Automated intake air control system.
In order to maintain a steady pressure in the steam boiler it's necessary to control precisely the heat produced by the wood burning fire. In this design, it's done by controlling the amount of air entering the combustion area. The system shown here works perfectly by using a sliding guillotine type door over the intake sleeve, controlled by an electric solenoid valve. I wanted to ensure this system would work for many years to come, so the entire intake door was made from 1" angle iron and 1/8" steel plate. The pictures are self-explanatory so I'll just put them in order below from left to right.
After construction was finished and the mortar cured, the final touches on the intake door needed to be made. A bracket to hold and adjust the solenoid valve had to be fabricated, as shown on the left.
In addition, stops had to be installed to adjust and control the resting or idle position, and the full open position, as shown in the same picture. Since the exact location of these stops and controls can't be known until after the boiler has been fired up and brought to full operating temperature, this part of the job has to wait until testing is complete. During testing, one must operate the intake air door by hand to find the appropriate amount of air required.
Building the Firebox Door Penetration
The door and frame for your outdoor wood fired boiler should be industrial strength. You'll be using it in the dead of winter, often during arctic fronts or snow storms and you can't always count on having perfect control of every piece of firewood, or even yourself as you stand on ice, loading logs into the firebox while freezing your proverbial you-know-what off. If you drop a log or slip and fall onto the door which you eventually will do, you don't want it busting the door off its frame or bending it, burning the skin off your hands, etc.
Since I planned to embed the steel frame for the door in concrete, I chose to fabricate it from 1/8" steel plate. If the steel were not to be fully encased in concrete, one should use 1/4" steel plate for rigidity and to prevent warping. The entire project was done with slightly over half of a 4'X 8' sheet. You want to make the door as large as practical, to make it easy to load the largest size logs the unit can handle. Having a large opening also comes in handy later when cleaning out the ash, or removing creosote from the interior.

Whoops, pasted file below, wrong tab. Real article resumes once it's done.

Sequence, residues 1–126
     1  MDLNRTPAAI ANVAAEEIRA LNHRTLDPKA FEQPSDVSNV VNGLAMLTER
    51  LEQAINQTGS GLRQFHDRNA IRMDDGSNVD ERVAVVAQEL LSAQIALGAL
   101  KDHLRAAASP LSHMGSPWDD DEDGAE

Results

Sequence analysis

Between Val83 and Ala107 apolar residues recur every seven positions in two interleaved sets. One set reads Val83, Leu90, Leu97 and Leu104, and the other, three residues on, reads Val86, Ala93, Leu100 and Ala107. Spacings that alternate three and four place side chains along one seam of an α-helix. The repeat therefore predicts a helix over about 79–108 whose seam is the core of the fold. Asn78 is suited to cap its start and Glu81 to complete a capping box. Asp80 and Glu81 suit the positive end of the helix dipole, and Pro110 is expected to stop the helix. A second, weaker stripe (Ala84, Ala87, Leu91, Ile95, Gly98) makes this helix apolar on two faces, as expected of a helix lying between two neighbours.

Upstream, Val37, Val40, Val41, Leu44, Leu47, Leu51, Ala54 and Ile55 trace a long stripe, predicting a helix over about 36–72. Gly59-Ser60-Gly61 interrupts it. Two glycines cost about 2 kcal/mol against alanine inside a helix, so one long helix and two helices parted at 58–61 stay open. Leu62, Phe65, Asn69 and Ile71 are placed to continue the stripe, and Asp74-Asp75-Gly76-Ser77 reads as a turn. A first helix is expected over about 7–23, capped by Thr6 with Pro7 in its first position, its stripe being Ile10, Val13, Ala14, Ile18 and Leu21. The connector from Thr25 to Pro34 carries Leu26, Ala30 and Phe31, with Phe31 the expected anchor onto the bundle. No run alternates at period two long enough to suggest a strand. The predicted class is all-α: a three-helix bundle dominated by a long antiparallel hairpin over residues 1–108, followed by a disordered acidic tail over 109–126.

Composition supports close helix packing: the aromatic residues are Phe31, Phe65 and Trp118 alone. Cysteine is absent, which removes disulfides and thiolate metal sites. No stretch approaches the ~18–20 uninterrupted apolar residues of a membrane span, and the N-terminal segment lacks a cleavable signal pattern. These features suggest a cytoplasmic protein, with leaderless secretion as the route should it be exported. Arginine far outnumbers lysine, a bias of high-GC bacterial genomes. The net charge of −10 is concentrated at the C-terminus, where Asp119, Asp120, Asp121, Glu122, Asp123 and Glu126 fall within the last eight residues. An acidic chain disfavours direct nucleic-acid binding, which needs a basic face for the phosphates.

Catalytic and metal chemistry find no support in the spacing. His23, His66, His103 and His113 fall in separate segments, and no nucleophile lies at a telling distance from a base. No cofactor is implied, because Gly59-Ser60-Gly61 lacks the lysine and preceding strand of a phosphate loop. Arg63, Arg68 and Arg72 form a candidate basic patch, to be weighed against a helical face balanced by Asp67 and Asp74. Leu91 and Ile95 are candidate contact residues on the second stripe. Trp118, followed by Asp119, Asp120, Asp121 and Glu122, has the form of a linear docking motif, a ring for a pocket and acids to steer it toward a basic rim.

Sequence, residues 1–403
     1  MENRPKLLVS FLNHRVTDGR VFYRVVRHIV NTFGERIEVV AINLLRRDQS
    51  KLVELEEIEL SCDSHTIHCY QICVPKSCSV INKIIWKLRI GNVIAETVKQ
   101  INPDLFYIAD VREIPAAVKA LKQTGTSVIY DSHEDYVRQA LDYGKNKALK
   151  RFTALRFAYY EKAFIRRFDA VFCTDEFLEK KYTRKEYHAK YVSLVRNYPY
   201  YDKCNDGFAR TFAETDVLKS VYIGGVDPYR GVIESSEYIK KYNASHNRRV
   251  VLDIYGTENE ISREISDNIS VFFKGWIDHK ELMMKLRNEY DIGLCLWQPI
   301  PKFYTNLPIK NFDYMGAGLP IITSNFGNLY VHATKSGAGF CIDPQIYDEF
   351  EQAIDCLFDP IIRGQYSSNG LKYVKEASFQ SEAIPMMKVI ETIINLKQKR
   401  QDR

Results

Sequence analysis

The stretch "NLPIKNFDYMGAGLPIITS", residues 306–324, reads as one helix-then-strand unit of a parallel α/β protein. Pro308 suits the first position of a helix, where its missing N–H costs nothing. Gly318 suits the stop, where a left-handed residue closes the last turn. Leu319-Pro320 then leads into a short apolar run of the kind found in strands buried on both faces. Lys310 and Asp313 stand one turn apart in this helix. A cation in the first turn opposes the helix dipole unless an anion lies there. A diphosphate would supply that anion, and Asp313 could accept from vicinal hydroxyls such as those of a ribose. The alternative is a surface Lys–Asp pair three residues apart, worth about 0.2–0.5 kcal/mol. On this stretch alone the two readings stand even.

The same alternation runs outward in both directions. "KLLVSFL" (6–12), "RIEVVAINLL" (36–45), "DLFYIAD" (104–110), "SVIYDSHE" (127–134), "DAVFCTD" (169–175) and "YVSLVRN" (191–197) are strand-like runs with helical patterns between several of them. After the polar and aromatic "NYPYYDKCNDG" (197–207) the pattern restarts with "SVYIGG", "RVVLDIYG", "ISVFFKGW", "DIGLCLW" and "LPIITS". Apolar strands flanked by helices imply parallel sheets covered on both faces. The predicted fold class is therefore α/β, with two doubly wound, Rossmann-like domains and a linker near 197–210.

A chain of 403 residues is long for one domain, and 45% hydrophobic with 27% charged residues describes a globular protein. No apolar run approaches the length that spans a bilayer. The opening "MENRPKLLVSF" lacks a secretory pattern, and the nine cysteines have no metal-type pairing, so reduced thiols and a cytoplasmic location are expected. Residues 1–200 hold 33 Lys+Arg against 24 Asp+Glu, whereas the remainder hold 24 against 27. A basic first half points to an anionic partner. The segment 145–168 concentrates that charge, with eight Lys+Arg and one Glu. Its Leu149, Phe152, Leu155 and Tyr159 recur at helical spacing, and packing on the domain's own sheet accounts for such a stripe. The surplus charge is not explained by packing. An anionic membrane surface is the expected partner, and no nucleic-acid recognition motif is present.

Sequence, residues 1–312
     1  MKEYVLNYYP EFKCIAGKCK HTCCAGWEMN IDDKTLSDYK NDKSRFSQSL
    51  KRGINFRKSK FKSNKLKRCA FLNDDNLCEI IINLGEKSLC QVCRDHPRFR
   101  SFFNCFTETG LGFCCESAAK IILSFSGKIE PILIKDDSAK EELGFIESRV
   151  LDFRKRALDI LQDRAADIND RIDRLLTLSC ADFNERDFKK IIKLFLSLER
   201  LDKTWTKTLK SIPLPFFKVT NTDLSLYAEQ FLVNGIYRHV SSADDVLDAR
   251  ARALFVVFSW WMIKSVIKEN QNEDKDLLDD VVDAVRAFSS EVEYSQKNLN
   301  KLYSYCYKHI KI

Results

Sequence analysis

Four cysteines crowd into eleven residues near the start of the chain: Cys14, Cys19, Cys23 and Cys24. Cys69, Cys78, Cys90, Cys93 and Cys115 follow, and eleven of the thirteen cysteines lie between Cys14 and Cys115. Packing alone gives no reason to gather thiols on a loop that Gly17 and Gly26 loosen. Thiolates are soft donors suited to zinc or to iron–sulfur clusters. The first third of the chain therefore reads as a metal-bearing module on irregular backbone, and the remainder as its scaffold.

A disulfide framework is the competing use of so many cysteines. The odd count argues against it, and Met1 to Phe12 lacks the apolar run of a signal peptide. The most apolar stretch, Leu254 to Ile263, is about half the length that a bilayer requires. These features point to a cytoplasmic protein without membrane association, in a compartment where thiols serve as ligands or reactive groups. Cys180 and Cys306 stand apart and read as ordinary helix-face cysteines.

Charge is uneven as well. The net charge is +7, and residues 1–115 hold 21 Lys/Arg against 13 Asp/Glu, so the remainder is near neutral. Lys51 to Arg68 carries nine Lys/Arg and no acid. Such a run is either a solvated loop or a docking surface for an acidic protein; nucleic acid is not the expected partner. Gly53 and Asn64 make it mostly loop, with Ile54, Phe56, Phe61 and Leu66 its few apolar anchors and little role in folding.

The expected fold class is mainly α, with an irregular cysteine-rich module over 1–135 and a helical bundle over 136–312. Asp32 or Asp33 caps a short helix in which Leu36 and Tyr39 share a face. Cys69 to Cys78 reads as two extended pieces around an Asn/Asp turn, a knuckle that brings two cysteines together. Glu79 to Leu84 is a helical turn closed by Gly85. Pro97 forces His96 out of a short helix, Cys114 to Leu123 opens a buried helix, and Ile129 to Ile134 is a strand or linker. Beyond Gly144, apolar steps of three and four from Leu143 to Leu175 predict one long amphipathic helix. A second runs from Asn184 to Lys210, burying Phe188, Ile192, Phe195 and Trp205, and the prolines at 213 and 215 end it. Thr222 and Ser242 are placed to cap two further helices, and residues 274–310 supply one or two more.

Start building the boiler door frame by simply forming the outside perimeter with 1" angle iron, cut and mitered to fit, and then welded into a rectangle frame as shown. Always use a square to ensure your frame is going to fit the door later. Then, cut steel plate the width of your concrete blocks and weld these to the angle iron to make a solid frame. This ensures if you drop a piece of firewood while loading the boiler, it lands on steel plate and not your masonry work. It also gives plenty of contact area with the concrete and rebar system to which the frame should be welded as shown a paragraph or two above and to the right to make sure it never slips out of place, even after thousands of heat up and cool down cycles.
Building the Firebox Door
The door is also very simple to make. You just weld two pieces of 1/2" angle iron together as shown to frame the sides, and longer pieces for the top and bottom frame. Once placed side-by-side and welded, you just miter the corners with a chop saw and weld the frame together. The door frame needs to be 1" longer in width and height than the penetration frame. This will place the door gasket exactly in the center of the protruding door penetration frame for a good airtight seal.
Once you have your double angle iron frame built square and tested to make sure it fits perfectly, cut your steel plates for the interior and exterior door surfaces. The interior plate will be 1" smaller in dimension than the outer plate and should be welded into position first. Be sure after spot welding in a few places that you go back and weld it all the way around.
We're going to be filling the interior of the door up with vermiculite for insulation, and if it's not welded continuously around the edges, the steel plates will warp slightly and spill your vermiculite out. I found this out the hard way and had to go back later to make a continuous bead all the way around both inner and outer plates. Install the door gasket into the channel you formed
from the parallel angle iron. Build your door closing hardware and you're ready to attach the door. On the penetration frame, I simply used 3/8" fencing gate hinges for the studs, and for closing hardware I used a 3/8" nut welded to the end of a piece of 3/8" black iron pipe. Then, a short length of angle iron was welded to the iron pipe.
A pair of heavy chains was welded to the top of the door, and attached to brackets on the sides of the boiler, allowing the door to sort of hinge down and remain flat when open. This works out much better and also helps protect the air intake solenoid below from dropped logs, bark, ashes, etc., raining down on it.
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